My work is deviously simple. Almost primitive. I simply paint. Just oil on primed linen. The only medium I use is cold pressed linseed oil. I don’t project onto the linen, I don’t use masking tape or anything else; it’s simply my hand with paint. This makes the brushes I use very important. I only use Lascaux brushes that are made in France. The brush is synthetic (no animal hair) which means it can be shipped worldwide without the regulations of animal products that other brushes have. It has the perfect amount of flex for my hand and can take a lot of wear and tear.
The way that I have been working in the past few years is that every mark of paint has to have a significance. I try to glide the brush across the linen; as few layers as possible. Most paintings have no more than three layers. It’s mainly horizontal “stripes”, but also vertical and diagonal; barely any curves for some strange reason. The Lascaux brushes allow smooth marks and leave this beautiful edge on both sides. In the end the work sits on a very delicate line between image and object; it has a devious physicality to it. It’s these thin lines between two opposing things that really interest me: flat image vs physicality, still frozen image vs movement, stuck vs time, restrained vs drama. It might seem silly, but I have nightmares about not being able to get hold of more of these brushes. I order in bulk every few months and I am absolutely positive no one on earth has as many Lascaux brushes as me. And one last thing, Lascaux is known for super high-grade acrylic paint; I can’t really stand acrylic paintings and it feels good to subvert these brushes for oil. (People always say that Mondrian would have used acrylic if he were alive to see it. I say, no way!)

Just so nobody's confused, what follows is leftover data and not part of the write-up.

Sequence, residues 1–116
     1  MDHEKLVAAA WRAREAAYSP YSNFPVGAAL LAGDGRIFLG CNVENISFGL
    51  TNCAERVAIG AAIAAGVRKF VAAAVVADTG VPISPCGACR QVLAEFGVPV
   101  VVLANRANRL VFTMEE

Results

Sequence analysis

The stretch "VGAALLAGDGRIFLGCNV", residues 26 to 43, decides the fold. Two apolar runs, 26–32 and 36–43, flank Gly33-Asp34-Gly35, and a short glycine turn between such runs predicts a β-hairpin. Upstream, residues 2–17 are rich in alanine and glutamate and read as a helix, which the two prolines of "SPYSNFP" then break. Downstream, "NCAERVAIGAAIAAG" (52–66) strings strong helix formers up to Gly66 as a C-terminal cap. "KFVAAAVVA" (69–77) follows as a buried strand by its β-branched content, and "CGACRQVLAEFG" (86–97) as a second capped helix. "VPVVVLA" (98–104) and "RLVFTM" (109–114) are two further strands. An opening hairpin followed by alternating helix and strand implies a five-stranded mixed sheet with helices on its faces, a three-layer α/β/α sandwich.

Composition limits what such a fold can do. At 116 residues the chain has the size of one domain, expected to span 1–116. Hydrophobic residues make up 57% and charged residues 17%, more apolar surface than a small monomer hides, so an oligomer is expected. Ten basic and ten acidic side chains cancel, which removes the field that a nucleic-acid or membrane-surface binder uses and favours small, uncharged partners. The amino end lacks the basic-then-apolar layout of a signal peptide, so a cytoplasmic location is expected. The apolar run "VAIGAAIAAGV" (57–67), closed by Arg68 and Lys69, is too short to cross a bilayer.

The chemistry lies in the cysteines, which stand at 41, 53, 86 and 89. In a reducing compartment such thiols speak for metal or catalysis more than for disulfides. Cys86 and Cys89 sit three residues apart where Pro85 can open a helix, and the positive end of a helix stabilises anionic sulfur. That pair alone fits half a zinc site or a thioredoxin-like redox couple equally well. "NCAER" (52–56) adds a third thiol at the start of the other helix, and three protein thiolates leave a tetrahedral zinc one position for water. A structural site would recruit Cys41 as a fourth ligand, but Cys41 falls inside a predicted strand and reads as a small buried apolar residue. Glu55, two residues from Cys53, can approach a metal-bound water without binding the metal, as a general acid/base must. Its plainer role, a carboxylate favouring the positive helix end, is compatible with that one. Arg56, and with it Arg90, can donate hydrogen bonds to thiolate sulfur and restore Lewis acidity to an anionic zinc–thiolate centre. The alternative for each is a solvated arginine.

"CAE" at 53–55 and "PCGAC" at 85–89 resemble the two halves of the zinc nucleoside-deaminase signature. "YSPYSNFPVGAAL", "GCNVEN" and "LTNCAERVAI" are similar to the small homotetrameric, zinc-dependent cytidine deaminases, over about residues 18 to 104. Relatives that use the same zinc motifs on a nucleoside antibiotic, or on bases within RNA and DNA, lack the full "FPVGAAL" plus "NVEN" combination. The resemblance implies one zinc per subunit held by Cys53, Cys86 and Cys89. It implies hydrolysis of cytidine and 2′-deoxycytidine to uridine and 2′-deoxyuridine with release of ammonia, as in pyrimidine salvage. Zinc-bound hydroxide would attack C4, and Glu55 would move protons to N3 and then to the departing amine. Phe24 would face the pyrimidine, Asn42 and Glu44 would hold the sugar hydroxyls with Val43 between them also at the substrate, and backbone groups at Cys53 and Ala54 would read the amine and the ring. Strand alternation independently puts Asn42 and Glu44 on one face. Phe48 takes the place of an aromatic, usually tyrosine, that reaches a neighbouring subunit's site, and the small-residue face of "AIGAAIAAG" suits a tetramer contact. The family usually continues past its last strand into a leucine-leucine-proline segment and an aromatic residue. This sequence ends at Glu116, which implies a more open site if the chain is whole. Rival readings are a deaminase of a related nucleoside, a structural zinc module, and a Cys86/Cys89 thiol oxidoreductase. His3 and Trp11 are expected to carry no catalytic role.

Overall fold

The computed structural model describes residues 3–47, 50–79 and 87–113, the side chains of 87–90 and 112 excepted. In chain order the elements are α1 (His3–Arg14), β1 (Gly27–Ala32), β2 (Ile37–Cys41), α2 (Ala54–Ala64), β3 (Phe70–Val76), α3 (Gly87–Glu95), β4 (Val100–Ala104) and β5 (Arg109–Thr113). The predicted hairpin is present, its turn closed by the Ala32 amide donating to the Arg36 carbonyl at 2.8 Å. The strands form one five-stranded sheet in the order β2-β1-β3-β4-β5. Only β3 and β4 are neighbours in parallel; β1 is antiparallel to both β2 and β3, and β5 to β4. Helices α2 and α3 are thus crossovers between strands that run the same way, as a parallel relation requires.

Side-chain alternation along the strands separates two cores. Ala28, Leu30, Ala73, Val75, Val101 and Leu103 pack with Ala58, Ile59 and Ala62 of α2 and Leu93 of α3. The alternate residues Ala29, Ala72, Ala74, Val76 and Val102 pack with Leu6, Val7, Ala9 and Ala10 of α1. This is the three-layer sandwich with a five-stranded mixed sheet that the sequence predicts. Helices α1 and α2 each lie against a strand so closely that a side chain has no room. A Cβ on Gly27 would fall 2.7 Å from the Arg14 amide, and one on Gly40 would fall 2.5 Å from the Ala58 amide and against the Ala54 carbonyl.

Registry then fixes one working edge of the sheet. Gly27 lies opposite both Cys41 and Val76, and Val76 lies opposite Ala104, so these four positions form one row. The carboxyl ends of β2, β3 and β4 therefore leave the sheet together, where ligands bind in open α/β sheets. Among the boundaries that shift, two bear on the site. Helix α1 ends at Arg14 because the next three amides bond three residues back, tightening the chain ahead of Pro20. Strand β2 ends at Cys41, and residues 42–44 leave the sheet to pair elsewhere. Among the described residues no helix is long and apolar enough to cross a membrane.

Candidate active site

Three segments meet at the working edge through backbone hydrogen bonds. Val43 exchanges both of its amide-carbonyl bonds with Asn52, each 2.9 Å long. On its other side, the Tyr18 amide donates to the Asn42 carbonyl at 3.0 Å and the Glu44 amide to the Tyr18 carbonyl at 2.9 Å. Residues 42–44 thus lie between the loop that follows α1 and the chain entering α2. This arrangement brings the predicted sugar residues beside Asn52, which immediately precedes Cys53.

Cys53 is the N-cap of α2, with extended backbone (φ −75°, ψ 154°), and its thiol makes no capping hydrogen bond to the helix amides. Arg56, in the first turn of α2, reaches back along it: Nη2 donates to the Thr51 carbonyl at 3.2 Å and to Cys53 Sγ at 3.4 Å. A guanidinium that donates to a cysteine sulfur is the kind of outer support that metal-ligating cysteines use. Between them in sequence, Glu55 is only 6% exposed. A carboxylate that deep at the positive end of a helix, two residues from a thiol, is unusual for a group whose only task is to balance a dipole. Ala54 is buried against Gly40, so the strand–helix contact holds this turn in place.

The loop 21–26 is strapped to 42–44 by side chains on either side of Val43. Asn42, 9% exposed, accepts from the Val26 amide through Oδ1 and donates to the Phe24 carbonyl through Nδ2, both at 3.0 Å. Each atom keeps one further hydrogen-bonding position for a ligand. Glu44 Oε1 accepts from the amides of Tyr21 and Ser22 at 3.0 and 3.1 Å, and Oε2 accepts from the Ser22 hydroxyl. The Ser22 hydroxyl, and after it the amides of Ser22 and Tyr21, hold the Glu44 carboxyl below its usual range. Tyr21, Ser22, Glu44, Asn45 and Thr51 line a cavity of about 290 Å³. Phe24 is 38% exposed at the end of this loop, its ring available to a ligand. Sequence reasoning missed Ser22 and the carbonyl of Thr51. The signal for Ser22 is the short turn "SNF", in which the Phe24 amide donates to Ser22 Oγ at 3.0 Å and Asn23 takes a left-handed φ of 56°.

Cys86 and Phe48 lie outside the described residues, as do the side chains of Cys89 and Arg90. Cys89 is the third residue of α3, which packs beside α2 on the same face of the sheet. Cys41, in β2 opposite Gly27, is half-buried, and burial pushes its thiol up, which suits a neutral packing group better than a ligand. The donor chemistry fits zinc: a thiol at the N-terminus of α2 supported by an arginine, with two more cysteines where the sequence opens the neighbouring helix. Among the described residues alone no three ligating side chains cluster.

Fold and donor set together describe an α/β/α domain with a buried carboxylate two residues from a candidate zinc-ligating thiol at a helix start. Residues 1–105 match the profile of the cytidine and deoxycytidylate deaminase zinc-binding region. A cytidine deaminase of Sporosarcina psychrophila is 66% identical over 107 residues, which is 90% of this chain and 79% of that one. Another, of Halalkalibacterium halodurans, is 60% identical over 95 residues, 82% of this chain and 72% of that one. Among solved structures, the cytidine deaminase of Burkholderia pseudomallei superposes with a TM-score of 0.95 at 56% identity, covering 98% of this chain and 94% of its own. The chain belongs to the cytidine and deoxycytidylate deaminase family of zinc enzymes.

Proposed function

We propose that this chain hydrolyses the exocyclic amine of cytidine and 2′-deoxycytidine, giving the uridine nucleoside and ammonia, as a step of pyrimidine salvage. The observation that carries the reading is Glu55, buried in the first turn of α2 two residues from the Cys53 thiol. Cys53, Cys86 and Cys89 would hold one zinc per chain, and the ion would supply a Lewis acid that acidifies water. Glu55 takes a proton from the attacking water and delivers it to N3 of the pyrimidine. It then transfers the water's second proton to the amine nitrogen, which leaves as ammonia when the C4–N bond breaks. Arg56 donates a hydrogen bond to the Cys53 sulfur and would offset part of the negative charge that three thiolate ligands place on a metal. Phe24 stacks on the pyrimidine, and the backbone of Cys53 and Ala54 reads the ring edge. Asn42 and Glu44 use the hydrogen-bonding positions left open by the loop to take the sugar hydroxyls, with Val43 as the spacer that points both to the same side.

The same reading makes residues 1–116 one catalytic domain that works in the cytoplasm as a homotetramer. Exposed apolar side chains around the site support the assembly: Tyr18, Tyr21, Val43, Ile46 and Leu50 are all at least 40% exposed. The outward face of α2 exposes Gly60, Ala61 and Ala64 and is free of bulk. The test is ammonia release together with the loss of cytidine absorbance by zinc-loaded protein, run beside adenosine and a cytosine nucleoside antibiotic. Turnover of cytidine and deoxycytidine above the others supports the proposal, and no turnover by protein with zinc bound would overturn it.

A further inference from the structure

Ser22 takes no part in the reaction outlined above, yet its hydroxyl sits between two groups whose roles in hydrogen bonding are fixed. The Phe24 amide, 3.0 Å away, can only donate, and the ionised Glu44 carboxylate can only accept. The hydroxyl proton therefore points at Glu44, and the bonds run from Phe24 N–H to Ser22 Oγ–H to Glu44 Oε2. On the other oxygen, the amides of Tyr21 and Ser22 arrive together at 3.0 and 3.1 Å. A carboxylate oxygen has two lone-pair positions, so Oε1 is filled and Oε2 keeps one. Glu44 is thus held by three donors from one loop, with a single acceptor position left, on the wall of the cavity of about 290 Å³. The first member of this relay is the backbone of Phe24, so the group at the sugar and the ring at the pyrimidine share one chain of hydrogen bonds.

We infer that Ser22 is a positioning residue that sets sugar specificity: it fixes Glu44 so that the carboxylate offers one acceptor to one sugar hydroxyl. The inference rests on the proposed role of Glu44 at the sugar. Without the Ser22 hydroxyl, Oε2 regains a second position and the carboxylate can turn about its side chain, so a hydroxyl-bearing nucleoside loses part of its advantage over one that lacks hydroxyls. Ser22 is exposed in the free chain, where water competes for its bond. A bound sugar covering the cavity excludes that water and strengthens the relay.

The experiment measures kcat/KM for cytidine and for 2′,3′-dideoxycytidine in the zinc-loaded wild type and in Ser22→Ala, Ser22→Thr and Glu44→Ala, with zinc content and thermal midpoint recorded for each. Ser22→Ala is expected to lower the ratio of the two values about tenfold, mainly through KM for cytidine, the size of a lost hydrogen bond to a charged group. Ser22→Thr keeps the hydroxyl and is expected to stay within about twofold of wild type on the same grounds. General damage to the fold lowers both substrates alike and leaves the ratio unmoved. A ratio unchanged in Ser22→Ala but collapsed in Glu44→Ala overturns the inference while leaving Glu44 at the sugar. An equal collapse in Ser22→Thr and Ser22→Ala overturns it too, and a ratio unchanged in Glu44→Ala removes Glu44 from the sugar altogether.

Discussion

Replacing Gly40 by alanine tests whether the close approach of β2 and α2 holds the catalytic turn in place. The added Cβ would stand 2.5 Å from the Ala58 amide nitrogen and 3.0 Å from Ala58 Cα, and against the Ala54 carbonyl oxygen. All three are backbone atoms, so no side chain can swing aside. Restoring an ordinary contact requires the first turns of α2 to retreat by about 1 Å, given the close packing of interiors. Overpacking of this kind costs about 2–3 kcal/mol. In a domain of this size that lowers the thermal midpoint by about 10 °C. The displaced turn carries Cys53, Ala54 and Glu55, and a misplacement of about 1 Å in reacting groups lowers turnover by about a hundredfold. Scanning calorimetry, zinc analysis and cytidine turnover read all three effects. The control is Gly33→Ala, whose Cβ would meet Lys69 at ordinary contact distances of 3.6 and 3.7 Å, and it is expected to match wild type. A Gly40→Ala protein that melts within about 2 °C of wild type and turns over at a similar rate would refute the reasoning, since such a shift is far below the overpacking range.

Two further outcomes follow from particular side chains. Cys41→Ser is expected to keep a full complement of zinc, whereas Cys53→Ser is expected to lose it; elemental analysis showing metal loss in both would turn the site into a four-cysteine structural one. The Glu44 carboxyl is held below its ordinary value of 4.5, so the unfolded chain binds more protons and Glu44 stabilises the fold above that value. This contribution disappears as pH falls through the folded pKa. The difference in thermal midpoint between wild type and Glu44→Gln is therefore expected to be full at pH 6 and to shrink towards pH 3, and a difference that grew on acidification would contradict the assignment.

Guy Yanai, Barbarian in the Garden?
Praz-Delavallade, Los Angeles until 22 December